|Second baseman / Manager|
February 27, 1920|
New Orleans, Louisiana
|Died: January 3, 1996
|April 14, 1942, for the New York Giants|
|Last MLB appearance|
|April 19, 1954, for the Cincinnati Redlegs|
|Runs batted in||381|
|Career highlights and awards|
A native of New Orleans who attended Louisiana State University, Ryan appeared in 1,184 games over 12 seasons, and compiled a lifetime batting average of .248 with 58 home runs for the New York Giants, Boston Braves, Cincinnati Reds/Redlegs, Philadelphia Phillies and Chicago White Sox. On April 16, 1953, Ryan (then with the Phillies) made six hits in six at bats in a 14–12 loss to Pittsburgh, tying a then-Major League record. He batted and threw right-handed and was listed as 5 feet 11 inches (1.80 m) tall and 175 pounds (79 kg).
Ryan spent much of his career with the Braves, working in three different cities: as a player in Boston (he was a utility infielder for the 1948 National League champions); a coach and minor league manager for Milwaukee during the late 1950s (he was the third-base coach on Fred Haney's staff during the Braves' 1957 world championship season); and as a coach, manager and scout for the Atlanta club during the 1970s. Ryan succeeded Clyde King as skipper of the Atlanta Braves on August 30, 1975, and guided the team to a record of 9–18 over the final 27 games of the season.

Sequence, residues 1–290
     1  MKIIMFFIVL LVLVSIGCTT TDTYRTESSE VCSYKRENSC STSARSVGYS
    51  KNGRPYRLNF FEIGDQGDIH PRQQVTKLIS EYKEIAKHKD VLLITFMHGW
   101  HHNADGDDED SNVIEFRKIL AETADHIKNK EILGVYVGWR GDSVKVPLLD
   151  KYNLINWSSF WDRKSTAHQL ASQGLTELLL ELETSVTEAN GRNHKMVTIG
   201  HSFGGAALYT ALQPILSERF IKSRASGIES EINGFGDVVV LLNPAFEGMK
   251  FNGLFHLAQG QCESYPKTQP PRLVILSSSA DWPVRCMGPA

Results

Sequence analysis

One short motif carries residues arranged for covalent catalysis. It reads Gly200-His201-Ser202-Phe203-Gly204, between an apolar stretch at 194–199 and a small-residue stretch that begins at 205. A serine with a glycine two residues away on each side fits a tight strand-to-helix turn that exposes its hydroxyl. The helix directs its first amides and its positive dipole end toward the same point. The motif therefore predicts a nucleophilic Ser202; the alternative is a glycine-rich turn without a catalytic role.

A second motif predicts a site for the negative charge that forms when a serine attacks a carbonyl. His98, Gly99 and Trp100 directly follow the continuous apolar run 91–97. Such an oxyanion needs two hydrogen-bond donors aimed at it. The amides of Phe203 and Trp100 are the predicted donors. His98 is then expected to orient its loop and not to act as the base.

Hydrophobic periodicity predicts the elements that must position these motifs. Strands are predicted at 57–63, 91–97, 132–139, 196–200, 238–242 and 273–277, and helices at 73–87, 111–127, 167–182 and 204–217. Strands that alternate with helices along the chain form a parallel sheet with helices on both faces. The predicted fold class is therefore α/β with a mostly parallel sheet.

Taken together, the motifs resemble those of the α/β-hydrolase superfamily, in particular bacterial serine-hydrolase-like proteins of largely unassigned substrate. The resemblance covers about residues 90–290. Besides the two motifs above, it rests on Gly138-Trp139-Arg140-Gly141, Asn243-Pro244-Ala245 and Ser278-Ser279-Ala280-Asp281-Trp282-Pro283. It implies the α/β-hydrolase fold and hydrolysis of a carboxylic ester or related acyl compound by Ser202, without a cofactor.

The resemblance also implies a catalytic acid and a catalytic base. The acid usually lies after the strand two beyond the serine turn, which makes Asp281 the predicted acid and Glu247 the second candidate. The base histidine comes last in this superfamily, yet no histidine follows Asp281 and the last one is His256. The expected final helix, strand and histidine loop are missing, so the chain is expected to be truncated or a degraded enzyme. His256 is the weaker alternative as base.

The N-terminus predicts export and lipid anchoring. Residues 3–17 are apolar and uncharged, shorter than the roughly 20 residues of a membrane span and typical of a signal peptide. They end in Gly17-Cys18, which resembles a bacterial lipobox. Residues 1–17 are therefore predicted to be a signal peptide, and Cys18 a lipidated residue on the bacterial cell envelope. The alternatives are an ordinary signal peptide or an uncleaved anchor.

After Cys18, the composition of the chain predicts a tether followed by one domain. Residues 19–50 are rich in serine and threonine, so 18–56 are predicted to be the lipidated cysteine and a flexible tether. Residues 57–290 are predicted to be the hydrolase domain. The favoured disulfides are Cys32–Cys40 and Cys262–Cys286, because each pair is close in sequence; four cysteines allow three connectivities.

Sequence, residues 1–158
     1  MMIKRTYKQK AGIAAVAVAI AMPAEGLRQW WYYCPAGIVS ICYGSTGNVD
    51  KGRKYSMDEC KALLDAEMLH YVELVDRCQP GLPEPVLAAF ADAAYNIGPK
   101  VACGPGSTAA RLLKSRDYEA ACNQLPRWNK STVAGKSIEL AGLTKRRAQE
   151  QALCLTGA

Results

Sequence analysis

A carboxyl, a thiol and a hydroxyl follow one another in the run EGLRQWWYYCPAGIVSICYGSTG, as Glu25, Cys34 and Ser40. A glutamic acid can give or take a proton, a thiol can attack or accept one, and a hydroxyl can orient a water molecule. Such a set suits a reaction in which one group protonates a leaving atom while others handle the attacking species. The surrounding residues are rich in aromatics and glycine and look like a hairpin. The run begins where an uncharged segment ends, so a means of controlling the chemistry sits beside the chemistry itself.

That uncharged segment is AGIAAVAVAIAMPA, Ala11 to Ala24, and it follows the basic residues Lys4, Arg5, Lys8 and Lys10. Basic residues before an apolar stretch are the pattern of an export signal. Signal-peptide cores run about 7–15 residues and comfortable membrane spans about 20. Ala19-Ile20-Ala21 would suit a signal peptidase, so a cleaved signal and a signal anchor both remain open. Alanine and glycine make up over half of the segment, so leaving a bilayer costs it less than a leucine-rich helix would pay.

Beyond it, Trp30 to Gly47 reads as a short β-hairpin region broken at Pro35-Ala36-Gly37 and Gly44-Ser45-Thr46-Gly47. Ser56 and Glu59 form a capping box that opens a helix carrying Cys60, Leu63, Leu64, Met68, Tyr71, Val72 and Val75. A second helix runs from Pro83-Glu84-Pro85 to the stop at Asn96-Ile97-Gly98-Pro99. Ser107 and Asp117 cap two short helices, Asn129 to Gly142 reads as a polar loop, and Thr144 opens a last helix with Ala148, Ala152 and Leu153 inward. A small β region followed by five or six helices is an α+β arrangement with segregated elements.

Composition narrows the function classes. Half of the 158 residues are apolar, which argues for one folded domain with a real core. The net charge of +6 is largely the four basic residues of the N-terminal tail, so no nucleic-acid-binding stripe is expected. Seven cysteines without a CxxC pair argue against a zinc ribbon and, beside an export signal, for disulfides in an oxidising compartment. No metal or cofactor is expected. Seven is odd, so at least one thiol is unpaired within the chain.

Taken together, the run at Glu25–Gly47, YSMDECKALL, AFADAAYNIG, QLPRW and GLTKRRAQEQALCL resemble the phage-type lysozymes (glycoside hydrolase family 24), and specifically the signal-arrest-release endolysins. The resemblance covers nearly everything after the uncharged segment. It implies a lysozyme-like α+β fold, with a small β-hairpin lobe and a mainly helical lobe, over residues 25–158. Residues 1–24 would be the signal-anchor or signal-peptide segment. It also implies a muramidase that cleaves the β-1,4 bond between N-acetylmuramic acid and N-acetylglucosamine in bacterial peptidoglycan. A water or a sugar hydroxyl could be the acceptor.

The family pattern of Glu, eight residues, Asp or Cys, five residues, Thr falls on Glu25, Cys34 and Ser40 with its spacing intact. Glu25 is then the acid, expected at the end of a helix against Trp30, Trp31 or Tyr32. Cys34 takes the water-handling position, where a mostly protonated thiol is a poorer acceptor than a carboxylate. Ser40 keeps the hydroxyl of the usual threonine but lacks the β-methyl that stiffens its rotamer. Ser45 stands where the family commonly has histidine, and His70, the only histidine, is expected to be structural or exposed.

In 1977, Ryan began the season as a coach for the Texas Rangers. In a season of managerial turmoil, Texas skipper Frank Lucchesi was replaced by Eddie Stanky, a teammate of Ryan's on the 1948–49 Braves, on June 22. But Stanky resigned after only one game. Ryan then filled the breach for six games (with Texas winning two) while the Rangers signed Baltimore Orioles coach Billy Hunter as permanent manager. His career managerial mark was 11–22 (.333). Ryan remained a Rangers' coach through 1979.
He died at age 75 in Metairie, Louisiana.